The government holding a referendum that complies with the Referendum Act (公民投票法) is either a political ploy or a prank on the people, former Democratic Progressive Party (DPP) chairman Lin I-hsiung (林義雄) wrote in an article about the Cabinet’s initiative to hold a referendum on the construction of the Fourth Nuclear Power Plant in New Taipei City’s (新北市) Gongliao District (貢寮).
“Unfortunately, the Executive Yuan’s referendum proposal was full of political calculations. It was a cheap trick and a prank that plays the public for fools,” wrote Lin, who has been a staunch anti-nuclear power activist for the past two decades.
The article was published late on Friday on the Web site of former DPP chairwoman Tsai Ing-wen’s (蔡英文) Thinking Taiwan Foundation.
The Referendum Act, which was enacted in 2003, laid down “unreasonable and strict” regulations that made the passage of referendums “almost impossible,” he said.
The act requires that a referendum have an electorate turnout of at least 50 percent and be approved by 51 percent of voters to be valid, stipulations that have been described as a “double 50 percent shield.”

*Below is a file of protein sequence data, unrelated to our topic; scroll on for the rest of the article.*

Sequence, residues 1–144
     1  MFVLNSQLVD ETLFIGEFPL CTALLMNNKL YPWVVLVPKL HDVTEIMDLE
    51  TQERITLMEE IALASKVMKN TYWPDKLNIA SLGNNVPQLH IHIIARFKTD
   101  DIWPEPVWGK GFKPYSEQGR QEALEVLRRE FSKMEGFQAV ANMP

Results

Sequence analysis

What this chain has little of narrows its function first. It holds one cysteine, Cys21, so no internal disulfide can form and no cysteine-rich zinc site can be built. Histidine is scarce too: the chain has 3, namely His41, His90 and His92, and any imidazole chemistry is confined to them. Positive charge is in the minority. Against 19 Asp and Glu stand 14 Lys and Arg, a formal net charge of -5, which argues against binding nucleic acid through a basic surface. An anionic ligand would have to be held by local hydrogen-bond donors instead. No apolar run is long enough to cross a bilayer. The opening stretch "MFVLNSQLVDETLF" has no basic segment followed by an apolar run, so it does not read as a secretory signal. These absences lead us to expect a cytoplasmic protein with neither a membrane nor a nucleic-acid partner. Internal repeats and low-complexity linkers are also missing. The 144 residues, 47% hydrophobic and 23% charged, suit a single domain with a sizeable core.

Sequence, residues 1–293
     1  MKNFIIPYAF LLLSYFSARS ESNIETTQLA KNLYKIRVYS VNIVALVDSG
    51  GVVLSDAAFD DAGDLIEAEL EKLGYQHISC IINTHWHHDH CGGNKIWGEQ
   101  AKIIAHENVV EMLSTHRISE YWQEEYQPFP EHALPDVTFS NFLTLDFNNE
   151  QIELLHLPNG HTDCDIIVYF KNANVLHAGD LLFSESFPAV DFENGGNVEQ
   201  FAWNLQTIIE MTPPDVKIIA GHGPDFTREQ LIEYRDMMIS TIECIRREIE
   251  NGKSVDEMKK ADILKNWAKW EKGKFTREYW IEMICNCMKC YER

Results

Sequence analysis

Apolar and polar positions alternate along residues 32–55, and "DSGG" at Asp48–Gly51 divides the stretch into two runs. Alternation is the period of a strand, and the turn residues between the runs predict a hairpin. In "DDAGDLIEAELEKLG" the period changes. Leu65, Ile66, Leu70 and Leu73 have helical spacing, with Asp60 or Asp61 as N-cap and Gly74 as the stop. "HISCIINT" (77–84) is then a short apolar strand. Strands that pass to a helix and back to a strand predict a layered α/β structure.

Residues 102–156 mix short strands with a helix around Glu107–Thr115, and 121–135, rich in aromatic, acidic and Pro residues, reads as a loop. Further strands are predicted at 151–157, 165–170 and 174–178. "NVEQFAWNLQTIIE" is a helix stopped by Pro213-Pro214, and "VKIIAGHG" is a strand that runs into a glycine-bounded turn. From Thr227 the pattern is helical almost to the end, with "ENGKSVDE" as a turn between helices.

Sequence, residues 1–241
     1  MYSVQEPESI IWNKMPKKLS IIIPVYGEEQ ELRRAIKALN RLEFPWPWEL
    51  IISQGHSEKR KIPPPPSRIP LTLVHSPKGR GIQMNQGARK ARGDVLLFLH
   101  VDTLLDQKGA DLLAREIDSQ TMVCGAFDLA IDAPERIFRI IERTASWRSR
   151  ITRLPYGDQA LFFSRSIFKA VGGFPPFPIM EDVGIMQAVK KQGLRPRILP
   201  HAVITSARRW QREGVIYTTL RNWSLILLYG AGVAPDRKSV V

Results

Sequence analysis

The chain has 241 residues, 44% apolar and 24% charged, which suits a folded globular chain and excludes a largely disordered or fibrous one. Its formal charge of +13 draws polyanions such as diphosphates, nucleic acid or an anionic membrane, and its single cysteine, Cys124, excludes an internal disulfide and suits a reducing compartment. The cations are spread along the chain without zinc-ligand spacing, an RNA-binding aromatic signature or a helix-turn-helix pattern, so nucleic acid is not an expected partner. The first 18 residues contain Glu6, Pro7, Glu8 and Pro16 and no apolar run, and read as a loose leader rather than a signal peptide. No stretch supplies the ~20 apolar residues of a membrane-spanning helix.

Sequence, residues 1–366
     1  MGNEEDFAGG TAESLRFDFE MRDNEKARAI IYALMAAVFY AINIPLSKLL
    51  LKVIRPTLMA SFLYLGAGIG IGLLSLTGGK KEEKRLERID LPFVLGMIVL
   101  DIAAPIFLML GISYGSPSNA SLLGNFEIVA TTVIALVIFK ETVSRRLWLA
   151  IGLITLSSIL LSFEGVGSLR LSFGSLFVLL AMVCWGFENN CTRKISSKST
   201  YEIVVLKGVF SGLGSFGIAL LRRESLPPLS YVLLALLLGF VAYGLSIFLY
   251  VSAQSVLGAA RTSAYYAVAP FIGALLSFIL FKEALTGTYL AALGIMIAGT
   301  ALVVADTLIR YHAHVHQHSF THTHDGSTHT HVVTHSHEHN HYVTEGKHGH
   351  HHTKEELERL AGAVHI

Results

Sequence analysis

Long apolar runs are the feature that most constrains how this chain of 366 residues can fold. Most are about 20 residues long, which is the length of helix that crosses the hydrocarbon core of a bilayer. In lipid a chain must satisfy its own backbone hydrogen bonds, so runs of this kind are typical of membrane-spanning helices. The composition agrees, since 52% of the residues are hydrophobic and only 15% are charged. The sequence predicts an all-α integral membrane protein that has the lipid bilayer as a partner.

These restrictions are why only the president, the KMT and the DPP have been able to submit a referendum proposal over the past decade and also why none of these proposals have passed, he added.
Lin said that what the Executive Yuan should do is immediately suspend construction of the power plant, or, at the very least, have the integrity to phrase the referendum so it asks the people if they support the plant’s construction, instead of its suspension.
The Executive Yuan is obviously trying to take advantage of the act’s restrictions by making the position it does not support the question it puts to the people, knowing that the referendum will likely fail, the DPP heavyweight said.
“It is unnecessary for the Executive Yuan to ask the people if they support suspending the project since the Executive Yuan has no intention of stopping the construction,” Lin said.
It is “common sense” that Taiwan would not able to withstand a nuclear disaster like the one at the Fukushima Dai-ichi nuclear power plant in Japan in 2011, the former DPP chairman said.
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